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Peter Carl Faberge

Peter Carl Faberge was a world famous master jeweler and head of the ‘House of Faberge’ in Imperial Russia in the waning days of the Russian Empire.

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On this day: Russia in a click

30 November

On November 30, 1993, after the collapse of the Soviet Union, the double-headed eagle was adopted as the official seal of Russia.

The current coat of arms was directly derived from its medieval origin. The eagle, whose two heads face east and west, first appeared as the symbol of the Moscow State during the reign of Ivan III, who married Zoe Paleolog, whose uncle Constantine had been the last Byzantine Emperor. The two-headed eagle (the emblem of Byzantium) was united with the Moscow coat of arms, with the result that one side of the emblem showed the eagle and the other a horseman slaying a dragon.

Throughout the course of time, more changes were added to the emblem. Ivan IV the Terrible added the image of Saint George (symbol of Moscow princes) to the eagle's chest. Under the reign of Mikhail Fedorovich, three crowns appeared over the eagle's head. Following the establishment of the Order of St. Andrew by Peter I, the coat of arms began to feature a chain bearing the sign of the Order. Under Pavel I, the image of the Maltese Cross was also introduced into the coat of arms.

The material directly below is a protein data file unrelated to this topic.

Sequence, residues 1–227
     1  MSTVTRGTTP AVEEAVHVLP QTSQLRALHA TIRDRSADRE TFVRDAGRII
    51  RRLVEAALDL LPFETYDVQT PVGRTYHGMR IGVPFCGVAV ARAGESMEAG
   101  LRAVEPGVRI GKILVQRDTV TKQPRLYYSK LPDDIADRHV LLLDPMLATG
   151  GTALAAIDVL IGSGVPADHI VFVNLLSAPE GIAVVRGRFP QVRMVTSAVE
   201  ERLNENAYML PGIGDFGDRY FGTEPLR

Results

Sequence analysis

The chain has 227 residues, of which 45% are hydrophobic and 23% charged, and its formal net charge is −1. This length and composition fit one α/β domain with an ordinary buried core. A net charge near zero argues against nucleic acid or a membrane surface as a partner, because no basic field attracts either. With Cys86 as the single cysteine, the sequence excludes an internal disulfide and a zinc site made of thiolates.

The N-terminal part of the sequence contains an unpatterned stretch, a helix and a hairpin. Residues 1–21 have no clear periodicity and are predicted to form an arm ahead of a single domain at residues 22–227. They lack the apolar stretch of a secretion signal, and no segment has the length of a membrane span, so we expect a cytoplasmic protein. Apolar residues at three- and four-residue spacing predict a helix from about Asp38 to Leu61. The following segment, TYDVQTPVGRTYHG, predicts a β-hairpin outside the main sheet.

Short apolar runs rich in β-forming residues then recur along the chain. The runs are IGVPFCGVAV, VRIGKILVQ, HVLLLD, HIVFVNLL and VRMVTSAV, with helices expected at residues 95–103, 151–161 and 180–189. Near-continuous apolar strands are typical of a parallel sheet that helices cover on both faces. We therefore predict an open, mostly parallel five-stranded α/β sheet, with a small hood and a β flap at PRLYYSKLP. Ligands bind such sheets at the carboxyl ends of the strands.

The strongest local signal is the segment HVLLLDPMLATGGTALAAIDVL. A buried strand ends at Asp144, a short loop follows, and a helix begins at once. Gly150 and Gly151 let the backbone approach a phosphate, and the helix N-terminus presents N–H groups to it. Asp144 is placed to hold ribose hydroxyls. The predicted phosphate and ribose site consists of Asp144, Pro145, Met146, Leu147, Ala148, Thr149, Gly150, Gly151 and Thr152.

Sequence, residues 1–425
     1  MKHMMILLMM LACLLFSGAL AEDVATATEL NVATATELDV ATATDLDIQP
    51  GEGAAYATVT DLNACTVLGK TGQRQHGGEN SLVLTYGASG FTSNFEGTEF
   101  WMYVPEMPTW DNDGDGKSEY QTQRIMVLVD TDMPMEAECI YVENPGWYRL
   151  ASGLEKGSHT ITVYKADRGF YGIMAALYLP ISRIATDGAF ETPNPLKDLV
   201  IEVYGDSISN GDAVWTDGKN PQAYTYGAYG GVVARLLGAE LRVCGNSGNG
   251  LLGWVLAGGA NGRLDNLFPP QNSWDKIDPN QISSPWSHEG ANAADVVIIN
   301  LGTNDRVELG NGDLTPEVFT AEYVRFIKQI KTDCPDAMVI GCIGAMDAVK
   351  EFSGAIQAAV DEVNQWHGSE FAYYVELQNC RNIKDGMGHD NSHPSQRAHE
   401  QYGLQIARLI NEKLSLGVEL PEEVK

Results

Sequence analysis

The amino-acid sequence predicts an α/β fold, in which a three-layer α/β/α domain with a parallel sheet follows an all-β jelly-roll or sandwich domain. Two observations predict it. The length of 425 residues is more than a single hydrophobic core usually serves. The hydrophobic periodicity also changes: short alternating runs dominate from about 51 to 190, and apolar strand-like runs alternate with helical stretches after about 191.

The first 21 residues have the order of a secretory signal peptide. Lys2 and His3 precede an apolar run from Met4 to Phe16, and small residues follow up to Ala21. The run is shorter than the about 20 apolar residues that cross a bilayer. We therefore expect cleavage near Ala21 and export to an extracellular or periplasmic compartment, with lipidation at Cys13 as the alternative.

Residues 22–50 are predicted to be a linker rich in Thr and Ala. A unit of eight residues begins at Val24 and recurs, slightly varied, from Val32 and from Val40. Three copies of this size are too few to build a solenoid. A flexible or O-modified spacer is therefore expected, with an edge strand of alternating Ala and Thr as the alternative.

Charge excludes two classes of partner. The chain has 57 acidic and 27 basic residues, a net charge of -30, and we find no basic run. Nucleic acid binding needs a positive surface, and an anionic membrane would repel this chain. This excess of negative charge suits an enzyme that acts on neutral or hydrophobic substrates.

During the reign of Alexander II, the coat of arms was modified and its design brought in line with international heraldic rules. In 1882, a strict hierarchy of the coat of arms was introduced: there were to be the Greater, Medium, and Smaller state coat of arms of the Russian Empire.

Up until the 1917 Russian Revolution, the coat of arms remained almost the same. When the Bolsheviks seized the Kremlin, pre-revolutionary symbols were publicly burned at Red Square. On November, 10 of that year, the All-Russian Central Executive Committee and the Council of People's Commissars passed the decree “On Abolishing the Estates and Civil Ranks” – which abolished the Russian signs of distinction, orders, flag and coat of arms. After 1937, with the advent of Joseph Stalin coming to power, the eagles from the towers of the Kremlin were also replaced with stars.

In 1990, the RSFSR (Russian Soviet Federative Socialist Republic) Government decided to institute the National Coat of Arms and National Flag of the RSFSR. A government commission was set up to organize the task. After a detailed discussion, the commission suggested to the government a white-blue-red flag and a coat of arms depicting a golden two-headed eagle against a red background. The final restoration of these symbols took place in 1993, when then-President Boris Yeltsin approved them as the national flag and the national coat of arms.

The current Russian coat of arms was instated by a Federal Law signed by then-President Vladimir Putin in December 2000.